Saturday 12 February 2011

Nigeria: At a Presidential Rally Stampedes should not become of humanity

Gauging the situation

I saw this status on Facebook and I felt I had to comment but the longer the comment became it looked like it was best fleshed out on a blog.

“Wow. People died. Yes. But why the gross exaggeration? #fuckingstorytellers”

This was in reaction to a story that appeared on Sahara Reporters which I must say I am not particularly a fan of but there goes.

They published the headline “Blood Bath At Jonathan's Presidential Rally In Port Harcourt: Scores Crushed To Death | Sahara Reporters.”

Any death is already too many

In my humble opinion, if anyone died at what was supposed to be a presidential rally; that is one death too many especially if the death was a result of a number of factors that appeared in the news story.

1. The over-crowding of a stadium.

2. The lack of effective crowd control. This probably created the chaotic situation that made the police shoot in the air.

3. The stampede that resulted from the first two factors.

Stampedes are characteristics of the wild in the animal world, human-beings should not be found in stampedes if we are properly organised.

It is unfortunate that the matter of security and policing in Nigeria is usually slanted towards the protection of dignitaries rather than a broad strategy for the public safety of the populace at large.

Cause, prevention & reaction

That all said, the numbers issue and the exaggeration is neither here nor there - my reading here is the lack of empathy and value for human life on the one hand and tendency to sensationalism on the other hand.

If the official figure is 2 in an accident on Aba Road and 12 at the stadium, that does not amount to scores, however, if you are fitting 250,000 people in a 100,000 capacity stadium and a stampede occurs where the surging crowd is being kept back by bad judgement of shooting in the air even objective assessment would suggest a higher than lower figure would be injured and probably killed - but we have no evidence to that effect.

This might well mean luck kept the number lower than expected but it does not absolve the planners of this event from culpability and we need to be spared the crocodile tears that are now shed in sympathy for the victims of this mishap. [The President has since through his spokesperson expressed regret]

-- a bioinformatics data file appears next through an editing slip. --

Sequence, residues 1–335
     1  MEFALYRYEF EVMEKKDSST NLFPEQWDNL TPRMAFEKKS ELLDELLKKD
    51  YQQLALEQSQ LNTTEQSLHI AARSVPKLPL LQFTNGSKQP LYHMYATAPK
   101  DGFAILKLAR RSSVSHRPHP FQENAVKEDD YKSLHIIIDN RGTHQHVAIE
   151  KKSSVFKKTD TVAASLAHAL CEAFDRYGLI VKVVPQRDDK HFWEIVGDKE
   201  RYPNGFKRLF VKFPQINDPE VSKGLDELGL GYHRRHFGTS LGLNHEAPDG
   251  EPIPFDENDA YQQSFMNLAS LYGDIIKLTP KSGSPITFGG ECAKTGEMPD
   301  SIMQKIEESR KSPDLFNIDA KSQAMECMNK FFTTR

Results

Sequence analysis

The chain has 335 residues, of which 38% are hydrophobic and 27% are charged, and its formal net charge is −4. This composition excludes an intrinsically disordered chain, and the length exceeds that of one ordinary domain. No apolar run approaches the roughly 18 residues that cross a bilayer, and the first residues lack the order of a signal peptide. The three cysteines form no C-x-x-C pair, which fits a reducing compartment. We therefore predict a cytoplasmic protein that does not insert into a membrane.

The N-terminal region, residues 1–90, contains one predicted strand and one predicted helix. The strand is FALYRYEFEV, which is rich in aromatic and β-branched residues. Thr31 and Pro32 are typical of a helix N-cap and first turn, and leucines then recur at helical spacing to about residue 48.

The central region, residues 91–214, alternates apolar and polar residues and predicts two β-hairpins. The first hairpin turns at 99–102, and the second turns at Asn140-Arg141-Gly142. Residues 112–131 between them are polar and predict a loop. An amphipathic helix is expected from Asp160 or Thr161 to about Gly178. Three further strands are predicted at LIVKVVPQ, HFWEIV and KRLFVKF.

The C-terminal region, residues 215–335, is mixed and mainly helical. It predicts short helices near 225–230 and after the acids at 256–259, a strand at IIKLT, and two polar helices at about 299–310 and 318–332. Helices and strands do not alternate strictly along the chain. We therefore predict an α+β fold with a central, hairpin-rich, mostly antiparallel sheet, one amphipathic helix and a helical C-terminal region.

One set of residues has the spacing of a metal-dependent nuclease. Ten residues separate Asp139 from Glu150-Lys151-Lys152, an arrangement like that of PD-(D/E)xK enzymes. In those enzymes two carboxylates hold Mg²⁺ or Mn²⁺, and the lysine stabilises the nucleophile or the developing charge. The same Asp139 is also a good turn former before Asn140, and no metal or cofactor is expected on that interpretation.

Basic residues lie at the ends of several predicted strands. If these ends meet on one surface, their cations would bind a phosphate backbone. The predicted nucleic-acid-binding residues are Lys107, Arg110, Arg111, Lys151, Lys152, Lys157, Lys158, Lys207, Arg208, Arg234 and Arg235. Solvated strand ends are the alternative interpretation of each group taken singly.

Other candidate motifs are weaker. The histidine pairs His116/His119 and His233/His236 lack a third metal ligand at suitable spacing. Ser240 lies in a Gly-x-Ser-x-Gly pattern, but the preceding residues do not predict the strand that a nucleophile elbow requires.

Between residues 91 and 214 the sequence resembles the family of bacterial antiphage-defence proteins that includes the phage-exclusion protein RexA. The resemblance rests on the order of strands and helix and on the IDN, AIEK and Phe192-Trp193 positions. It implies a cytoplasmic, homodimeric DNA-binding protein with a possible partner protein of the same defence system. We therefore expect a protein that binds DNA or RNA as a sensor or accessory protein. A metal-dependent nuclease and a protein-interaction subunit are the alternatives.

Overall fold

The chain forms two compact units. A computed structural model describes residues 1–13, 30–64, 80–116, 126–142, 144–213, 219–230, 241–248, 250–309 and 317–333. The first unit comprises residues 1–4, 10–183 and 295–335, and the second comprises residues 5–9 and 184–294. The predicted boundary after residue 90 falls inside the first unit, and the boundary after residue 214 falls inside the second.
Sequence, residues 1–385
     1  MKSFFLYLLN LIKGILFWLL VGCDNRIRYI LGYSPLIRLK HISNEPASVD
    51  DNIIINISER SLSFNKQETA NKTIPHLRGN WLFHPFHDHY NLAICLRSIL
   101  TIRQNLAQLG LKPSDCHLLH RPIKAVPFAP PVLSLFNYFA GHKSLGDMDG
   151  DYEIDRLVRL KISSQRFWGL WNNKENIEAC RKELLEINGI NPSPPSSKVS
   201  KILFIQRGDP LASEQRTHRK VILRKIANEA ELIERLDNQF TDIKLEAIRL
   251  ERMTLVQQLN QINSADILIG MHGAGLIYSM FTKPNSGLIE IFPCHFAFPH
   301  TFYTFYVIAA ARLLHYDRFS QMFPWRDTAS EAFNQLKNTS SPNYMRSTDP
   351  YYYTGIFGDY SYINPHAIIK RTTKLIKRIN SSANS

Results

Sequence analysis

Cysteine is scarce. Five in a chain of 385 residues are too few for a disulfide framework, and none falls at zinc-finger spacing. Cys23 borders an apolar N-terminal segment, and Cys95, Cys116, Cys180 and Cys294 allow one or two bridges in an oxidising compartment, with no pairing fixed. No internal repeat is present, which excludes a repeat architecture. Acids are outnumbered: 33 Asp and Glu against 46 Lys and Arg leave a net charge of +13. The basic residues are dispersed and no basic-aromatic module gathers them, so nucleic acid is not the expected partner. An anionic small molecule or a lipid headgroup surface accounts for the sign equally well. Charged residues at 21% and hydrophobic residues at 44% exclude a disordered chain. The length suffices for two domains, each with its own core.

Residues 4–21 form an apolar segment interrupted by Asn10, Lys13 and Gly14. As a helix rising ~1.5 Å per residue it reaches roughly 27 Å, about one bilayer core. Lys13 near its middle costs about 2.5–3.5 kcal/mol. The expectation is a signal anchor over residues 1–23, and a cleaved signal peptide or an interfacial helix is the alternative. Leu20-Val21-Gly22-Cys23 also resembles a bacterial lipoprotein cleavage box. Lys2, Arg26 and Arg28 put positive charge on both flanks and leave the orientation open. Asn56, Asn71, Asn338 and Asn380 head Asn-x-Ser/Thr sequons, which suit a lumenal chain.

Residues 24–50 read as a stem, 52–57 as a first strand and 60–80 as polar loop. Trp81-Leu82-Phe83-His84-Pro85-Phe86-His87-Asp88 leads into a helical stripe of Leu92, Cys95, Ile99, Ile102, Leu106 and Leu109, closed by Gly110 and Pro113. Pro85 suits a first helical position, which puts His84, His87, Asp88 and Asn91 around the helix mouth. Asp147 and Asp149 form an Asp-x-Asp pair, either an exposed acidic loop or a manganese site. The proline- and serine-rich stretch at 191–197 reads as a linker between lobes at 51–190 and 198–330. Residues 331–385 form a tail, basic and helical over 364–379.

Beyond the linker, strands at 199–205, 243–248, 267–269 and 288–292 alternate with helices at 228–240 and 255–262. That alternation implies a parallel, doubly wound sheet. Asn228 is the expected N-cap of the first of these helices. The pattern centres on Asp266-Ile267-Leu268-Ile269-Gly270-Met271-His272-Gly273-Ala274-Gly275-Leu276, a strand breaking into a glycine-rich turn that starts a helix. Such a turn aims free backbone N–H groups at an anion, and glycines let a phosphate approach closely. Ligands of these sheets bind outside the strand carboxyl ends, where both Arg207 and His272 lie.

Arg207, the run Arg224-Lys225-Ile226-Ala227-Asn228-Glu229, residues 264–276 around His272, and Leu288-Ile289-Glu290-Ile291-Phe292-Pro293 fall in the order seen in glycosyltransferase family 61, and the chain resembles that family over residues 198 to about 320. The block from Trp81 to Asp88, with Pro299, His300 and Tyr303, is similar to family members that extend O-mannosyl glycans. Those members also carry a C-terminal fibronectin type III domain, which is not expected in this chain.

The cynical twist to this debacle is the president would have preferred to see an over-crowded stadium that speaks of his popularity than a half-filled one which would have made this tragedy avoidable, but that would be sentimental.

"Wow! People died. Yes", is an unfortunate comment on a tragic situation that happened because people gathered to hail the president, in the quest to appear objective this comes across sadly as clinical, unfeeling and apathetic – much more was desired of both the reporting and the reaction.

1 comment:

CodLiverOil said...

It is my observation that human life in Nigeria is essentially worthless. Hence the lack of effective action to prevent the needless loss of life.

This can be seen in all walks of society, such as healthcare (or lack of), transport, food security, air transport etc to name but a few. Many avoidable tragedies occur and next to nothing is done to prevent a recurrence, so no lessons are learned.

The stampede is just one more to add to the litany of needless deaths. This is the way things are there, unfortunate but true.

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